Bachelor of Arts
J. Milton Yinger
Status, Leadership, Achievement, Civil right ideology, Negro, Equality
The demand for equal rights now among the American Negro population has sparked wide-spread discussion about the causes of the movement. Different authors and leaders, through a wide-ranging assortment of sometimes contradictory and sometimes interlocking reasons, have attempted to explain why the movement arose and why it has kept going. Approaches range from the mystical explanation of Martin Luther King, Jr. (in the final analysis God is causing the Negro to demand equal rights at the present time) to the coldly rational approaches of many social scientists who see the current Negro unrest as part of a typical case history of a social movement. Actually King is not completely mystical because he does openly and vociferously recognize many of the empirical social causes of the Negro revolt. Acceptance of the mystical approach clashes with the scientific methods and values of the writer and most social scientists and thus, by assumption, is rejected. Two generally accepted or generally debated characteristics of a social movement are; (1) the emergence of protest instead of accommodating leadership for the movement, and (2) the increase in wealth and general economic well-being of the oppressed group minus concomitant increases in political power and social standing or/and the realization by followers of the social movement that their rights and privileges are not being recognized and granted. In other words, the followers of the social movement perceives themselves as deprived, wish to rectify the situation, and turn to leaders who oppose the accepted values of the general society instead of those who support the accepted values. These are only two debated characteristics of the movement which especially interested the writer, and they are generally considered true of only the initial stages of a social movement (there can be little doubt that the demand for equal rights now has not run its course). The writer decided to restrict his investigation to only these two characteristics because of a lack of time and a desire to be fairly thorough in the investigation. .Most of the research was tangential instead of directly related to the above characteristics. The writer desired to see how Negroes perceive change in their status, what kind of program of action they advocate, and who they consider 1eaders. He also sought to discover the correlations between perception of change, achievement motivation and civil rights ideology. Preliminary work consisted of reading articles giving the present gamut of Negro attitudes on status, rights, strategies and goals, articles analyzing the cases of the Negro revolt, and articles portraying the history and life of the Negro in America. These readings were continued during and after the interview process to aid the writer in understanding and interpreting his results. To determine present Negro feelings related to the above named two characteristics, the writer decided to design an interview-questionnaire with four main sections: (1) Negro leadership, (2) Negro achievement motivation, (3) Negro civil rights ideology, and (4.) Negro perception of change in status.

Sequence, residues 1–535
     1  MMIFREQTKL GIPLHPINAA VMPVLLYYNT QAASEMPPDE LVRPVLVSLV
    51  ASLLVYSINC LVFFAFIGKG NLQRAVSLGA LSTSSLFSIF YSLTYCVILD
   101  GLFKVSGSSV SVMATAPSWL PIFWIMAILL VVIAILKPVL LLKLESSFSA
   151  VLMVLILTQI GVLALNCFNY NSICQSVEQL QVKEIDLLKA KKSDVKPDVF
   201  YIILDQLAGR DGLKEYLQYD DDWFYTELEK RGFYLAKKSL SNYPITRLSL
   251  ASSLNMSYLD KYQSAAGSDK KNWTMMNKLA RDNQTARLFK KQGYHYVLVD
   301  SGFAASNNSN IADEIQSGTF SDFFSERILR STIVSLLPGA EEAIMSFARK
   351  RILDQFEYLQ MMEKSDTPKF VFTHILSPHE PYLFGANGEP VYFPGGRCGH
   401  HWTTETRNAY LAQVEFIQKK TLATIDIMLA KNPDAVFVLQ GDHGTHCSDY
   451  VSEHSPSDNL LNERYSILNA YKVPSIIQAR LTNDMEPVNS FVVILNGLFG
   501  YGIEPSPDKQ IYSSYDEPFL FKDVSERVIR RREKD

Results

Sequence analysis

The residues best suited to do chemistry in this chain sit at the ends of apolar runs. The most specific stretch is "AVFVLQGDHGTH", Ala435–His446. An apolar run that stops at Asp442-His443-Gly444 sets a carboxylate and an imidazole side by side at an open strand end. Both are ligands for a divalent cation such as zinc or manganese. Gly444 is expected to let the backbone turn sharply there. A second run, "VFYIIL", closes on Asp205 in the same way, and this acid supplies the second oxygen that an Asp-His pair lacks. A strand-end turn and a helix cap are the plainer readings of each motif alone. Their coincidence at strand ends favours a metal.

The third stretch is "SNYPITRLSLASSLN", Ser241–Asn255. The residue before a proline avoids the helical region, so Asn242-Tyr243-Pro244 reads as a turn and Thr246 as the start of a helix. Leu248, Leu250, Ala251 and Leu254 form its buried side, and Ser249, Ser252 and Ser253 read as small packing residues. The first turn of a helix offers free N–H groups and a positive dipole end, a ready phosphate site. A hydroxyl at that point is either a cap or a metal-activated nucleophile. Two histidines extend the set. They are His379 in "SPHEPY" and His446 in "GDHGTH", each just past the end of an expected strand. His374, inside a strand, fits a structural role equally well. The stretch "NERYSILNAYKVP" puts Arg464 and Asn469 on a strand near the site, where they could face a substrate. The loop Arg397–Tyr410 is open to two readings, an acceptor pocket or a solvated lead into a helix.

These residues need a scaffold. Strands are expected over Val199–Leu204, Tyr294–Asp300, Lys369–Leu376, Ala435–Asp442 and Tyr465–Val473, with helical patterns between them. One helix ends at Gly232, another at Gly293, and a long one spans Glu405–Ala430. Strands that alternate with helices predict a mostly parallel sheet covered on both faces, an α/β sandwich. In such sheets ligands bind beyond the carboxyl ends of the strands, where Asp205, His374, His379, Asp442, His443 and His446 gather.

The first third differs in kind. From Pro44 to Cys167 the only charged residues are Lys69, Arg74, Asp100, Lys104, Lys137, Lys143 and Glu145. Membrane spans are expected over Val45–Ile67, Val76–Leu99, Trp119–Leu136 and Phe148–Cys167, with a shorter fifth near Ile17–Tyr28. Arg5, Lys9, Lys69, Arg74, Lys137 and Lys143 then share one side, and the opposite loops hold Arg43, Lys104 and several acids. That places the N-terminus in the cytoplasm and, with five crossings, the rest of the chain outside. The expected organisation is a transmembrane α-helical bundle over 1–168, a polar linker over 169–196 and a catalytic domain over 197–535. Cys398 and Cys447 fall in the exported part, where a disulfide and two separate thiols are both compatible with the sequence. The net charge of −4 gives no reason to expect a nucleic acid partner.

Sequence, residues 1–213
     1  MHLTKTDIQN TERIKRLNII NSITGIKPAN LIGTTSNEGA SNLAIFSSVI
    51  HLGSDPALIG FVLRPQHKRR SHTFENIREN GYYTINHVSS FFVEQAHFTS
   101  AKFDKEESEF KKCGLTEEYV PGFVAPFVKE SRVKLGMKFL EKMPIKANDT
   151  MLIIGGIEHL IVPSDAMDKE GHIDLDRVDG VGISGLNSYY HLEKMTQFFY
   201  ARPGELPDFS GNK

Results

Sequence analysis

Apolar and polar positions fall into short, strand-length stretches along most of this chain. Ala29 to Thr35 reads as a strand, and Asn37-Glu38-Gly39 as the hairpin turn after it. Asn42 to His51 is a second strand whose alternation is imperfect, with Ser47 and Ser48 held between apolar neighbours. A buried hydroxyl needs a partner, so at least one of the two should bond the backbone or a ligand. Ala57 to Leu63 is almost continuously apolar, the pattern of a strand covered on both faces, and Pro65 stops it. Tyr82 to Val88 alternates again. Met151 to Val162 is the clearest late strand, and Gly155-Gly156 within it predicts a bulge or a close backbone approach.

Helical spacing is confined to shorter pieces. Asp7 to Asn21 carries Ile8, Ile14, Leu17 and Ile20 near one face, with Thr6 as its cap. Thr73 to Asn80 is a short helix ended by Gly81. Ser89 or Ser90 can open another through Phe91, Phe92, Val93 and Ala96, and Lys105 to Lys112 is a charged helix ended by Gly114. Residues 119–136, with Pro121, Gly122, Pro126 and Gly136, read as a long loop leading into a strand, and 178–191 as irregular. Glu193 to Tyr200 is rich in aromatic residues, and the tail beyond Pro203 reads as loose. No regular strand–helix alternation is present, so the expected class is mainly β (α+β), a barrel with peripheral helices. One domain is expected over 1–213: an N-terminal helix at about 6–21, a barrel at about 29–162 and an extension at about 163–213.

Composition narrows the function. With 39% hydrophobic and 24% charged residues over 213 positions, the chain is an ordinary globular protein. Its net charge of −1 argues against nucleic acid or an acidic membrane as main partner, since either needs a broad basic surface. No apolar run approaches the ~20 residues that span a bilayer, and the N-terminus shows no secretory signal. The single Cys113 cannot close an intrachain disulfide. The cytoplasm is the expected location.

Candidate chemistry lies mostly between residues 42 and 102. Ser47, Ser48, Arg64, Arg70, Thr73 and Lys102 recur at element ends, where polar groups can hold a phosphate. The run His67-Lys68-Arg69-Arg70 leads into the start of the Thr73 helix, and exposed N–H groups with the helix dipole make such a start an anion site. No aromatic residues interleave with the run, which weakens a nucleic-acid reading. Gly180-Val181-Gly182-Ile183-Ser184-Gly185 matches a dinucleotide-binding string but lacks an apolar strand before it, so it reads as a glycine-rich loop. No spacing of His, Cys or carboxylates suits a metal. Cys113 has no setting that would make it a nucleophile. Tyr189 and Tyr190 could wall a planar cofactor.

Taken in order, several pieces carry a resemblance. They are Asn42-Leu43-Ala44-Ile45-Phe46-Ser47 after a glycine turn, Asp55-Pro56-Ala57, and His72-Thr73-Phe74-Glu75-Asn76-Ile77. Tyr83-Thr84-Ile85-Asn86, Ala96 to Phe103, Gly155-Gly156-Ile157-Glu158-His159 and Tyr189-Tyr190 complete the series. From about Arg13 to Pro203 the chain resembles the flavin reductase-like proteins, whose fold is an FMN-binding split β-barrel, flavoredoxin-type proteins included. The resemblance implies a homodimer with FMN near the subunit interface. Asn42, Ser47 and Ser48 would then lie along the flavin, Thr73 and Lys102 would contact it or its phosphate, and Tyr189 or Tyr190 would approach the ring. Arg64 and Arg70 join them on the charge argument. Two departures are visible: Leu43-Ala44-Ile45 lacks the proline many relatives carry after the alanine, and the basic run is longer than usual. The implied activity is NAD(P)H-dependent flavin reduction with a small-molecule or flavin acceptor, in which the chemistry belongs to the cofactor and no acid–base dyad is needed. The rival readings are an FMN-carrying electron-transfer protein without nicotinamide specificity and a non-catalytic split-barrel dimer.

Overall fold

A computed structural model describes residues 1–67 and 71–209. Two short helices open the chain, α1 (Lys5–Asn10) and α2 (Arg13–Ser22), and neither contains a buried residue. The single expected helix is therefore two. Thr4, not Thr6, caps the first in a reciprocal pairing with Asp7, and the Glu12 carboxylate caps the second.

Guest, Avery Mason, "A Negro Look at the World" (1963). Honors Papers. 768.